You can take your hybrids and breed them back and cross them and such, and develop a new variety that is now perhaps better suited to your own microclimate, but once you've gained that stabilization all you have is a new open-pollinated variety, and we're back where we started. Cross-breeding to create new varieties is great, but that's what many heirlooms are: the result of previous cross-breeding.
 
dan long
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You reply makes a lot of sense to me as well, Wes. More, in fact, than what i wrote myself. Thank you.
 
William Whitson
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Location: Washington coast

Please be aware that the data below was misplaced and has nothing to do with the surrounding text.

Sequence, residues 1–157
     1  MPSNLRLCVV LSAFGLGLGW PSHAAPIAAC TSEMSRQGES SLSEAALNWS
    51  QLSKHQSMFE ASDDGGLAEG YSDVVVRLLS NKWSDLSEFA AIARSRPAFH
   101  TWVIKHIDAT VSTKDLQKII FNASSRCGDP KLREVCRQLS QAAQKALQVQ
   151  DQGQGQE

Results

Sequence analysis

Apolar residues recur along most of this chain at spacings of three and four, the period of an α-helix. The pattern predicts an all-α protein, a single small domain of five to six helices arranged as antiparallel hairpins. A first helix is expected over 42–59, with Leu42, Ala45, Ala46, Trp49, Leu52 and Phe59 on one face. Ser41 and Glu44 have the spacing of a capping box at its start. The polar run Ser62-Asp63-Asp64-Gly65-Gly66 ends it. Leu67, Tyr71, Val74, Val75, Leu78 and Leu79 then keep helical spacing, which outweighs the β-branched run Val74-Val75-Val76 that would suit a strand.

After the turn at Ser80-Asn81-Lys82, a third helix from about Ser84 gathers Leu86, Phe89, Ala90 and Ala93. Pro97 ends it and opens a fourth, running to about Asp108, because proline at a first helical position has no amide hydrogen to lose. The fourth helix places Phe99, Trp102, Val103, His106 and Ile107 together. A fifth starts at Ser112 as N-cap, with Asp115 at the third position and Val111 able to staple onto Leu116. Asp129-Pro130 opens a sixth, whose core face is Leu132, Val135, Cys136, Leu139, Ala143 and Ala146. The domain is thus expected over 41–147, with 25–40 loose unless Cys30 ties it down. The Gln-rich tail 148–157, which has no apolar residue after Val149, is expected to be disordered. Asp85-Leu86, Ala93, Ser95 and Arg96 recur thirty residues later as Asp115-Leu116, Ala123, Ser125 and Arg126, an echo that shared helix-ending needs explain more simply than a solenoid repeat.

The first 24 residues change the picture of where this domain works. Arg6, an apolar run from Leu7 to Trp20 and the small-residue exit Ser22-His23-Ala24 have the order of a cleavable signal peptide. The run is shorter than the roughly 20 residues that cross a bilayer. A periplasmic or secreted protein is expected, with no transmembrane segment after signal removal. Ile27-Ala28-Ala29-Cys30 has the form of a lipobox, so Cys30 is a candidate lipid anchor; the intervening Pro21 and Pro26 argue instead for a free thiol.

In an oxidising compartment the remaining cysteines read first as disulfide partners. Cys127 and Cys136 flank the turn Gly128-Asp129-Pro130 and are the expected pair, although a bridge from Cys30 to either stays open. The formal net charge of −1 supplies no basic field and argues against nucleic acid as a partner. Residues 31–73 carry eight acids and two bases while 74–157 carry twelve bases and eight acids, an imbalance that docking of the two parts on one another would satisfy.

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Gilbert Fritz wrote:
However, for this to happen, we also have to preserve the original strains. If we mixed up all the corns on earth (corn crosses quite a lot) within a few years we would have wiped out a lot of the diversity. (Unless you maintained a HUGE population of corn each year.) If nobody kept pure strains, various genetics would be lost. In other words, to benefit from diversity, we need to preserve diversity.


If everyone mixed up all the corn varieties and then selected what grew best, we would end up with more locally adapted varieties of corn than we had before. The genetics would be reallocated, but we wouldn't necessarily lose anything. The old varieties would go away, except in places where those phenotypes were particularly successful, but the new varieties would still encompass all of the diversity that existed before.

Gilbert Fritz wrote: